This victory will see the team, under the Digital Forensics and Information Security Research Cluster (DFISRC), represent Namibia in the US for the first-ever International Collegiate Cyber Security Competition to be held later this year.
Cybercrime includes bank fraud, identity theft and extortion. While experts say it is difficult to gauge, it is estimated that this form of crime is a multi-billion dollar industry. McAfee, a computer security software company, claims that cybercrime hinders trade, competitiveness, innovation and global economic growth, and has indicated that South Africa is losing approximately N$5.8 billion a year to internet corruption.
The primary objective of the competition is to provide students with real-world challenges simulated in a theoretical environment that models a practical corporate network to curb these crimes.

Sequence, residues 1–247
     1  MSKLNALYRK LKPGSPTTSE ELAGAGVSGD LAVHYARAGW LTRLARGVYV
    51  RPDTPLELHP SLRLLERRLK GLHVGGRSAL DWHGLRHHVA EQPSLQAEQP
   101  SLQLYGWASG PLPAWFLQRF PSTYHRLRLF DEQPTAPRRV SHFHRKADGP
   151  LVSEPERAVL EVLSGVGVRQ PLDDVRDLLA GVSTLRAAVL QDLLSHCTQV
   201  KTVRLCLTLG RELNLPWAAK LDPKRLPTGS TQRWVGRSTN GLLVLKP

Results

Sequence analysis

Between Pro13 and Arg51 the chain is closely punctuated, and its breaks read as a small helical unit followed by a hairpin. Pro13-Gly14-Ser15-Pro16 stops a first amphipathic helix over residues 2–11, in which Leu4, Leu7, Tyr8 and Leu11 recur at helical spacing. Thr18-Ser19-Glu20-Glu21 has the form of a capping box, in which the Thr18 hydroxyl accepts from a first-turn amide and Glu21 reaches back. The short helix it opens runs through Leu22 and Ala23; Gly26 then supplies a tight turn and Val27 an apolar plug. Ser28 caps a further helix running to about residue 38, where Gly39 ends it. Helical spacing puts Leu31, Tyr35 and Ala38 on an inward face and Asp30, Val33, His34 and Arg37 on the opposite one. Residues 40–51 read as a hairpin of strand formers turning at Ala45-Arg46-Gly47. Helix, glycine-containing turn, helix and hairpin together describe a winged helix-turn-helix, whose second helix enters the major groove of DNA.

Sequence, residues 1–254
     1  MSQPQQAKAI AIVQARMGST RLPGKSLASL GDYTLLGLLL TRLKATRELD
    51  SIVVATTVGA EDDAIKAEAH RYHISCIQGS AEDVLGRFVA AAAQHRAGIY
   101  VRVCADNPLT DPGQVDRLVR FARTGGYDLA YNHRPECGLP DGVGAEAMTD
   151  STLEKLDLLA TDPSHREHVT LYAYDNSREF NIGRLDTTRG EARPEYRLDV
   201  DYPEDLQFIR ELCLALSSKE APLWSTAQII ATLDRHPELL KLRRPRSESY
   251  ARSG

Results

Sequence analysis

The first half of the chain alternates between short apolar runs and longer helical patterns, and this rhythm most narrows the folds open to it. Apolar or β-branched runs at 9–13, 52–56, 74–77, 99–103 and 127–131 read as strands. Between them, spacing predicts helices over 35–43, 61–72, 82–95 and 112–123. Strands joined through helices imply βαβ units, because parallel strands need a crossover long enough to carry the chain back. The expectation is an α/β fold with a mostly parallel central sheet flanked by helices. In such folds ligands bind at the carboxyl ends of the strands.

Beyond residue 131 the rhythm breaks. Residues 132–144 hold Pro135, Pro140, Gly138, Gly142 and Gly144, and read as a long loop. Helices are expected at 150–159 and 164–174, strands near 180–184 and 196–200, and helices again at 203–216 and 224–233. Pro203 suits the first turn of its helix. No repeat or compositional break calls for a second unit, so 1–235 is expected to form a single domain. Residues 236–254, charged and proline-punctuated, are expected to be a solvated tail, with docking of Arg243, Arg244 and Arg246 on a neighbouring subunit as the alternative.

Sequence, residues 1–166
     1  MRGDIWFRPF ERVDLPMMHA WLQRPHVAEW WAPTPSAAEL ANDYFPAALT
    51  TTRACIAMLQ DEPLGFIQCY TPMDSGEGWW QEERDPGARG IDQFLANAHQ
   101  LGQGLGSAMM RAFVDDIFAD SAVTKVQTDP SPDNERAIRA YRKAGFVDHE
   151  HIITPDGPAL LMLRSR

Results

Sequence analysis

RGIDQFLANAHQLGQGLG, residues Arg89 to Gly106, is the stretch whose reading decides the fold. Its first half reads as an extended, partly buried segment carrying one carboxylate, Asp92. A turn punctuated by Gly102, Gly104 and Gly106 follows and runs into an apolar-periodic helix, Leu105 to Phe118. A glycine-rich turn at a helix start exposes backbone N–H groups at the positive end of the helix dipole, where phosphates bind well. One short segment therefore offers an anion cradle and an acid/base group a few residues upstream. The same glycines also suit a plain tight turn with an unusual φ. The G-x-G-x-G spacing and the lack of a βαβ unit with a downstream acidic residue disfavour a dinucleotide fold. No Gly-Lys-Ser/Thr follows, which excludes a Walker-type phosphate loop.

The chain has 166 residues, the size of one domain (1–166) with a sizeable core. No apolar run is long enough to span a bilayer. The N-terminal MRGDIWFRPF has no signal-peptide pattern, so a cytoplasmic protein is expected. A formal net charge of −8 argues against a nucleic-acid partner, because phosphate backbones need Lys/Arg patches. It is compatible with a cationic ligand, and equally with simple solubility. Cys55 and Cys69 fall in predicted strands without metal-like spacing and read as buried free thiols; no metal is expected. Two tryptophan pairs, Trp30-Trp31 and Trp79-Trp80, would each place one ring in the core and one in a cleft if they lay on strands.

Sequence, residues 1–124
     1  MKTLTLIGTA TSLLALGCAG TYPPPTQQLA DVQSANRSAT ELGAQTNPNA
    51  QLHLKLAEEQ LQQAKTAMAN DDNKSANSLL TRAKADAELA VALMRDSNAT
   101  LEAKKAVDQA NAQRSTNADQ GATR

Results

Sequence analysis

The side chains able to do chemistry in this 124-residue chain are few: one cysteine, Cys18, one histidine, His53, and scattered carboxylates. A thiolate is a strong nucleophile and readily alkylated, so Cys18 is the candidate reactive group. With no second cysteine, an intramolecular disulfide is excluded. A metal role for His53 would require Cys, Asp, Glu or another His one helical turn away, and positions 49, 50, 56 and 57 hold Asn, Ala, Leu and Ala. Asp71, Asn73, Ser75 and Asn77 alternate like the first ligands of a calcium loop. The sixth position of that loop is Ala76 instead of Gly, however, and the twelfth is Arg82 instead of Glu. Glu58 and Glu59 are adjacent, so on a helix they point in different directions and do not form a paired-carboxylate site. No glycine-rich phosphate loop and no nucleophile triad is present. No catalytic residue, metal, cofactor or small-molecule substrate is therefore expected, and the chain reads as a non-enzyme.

Students are challenged to protect these corporate networks while at the same time attending to normal day-to-day activities such as setting up e-mails, attending to employee queries and serving clients under strict deadlines.
A Lecturer in the Faculty, Attlee Gamundani, said that during the competition, cyberattacks are presented unannounced and students are required to detect such threats and ensure that operations are not affected. “Winning this competition is proof that NUST produces graduates who are competent and know how to perform their tasks in a practical manner,” Gamundani said.
Canada, Japan and Indonesia are some of the countries that will participate in the competition. Air Namibia has sponsored return tickets for the participating students, but the students need to secure more funding to meet all the costs to be covered for them to participate.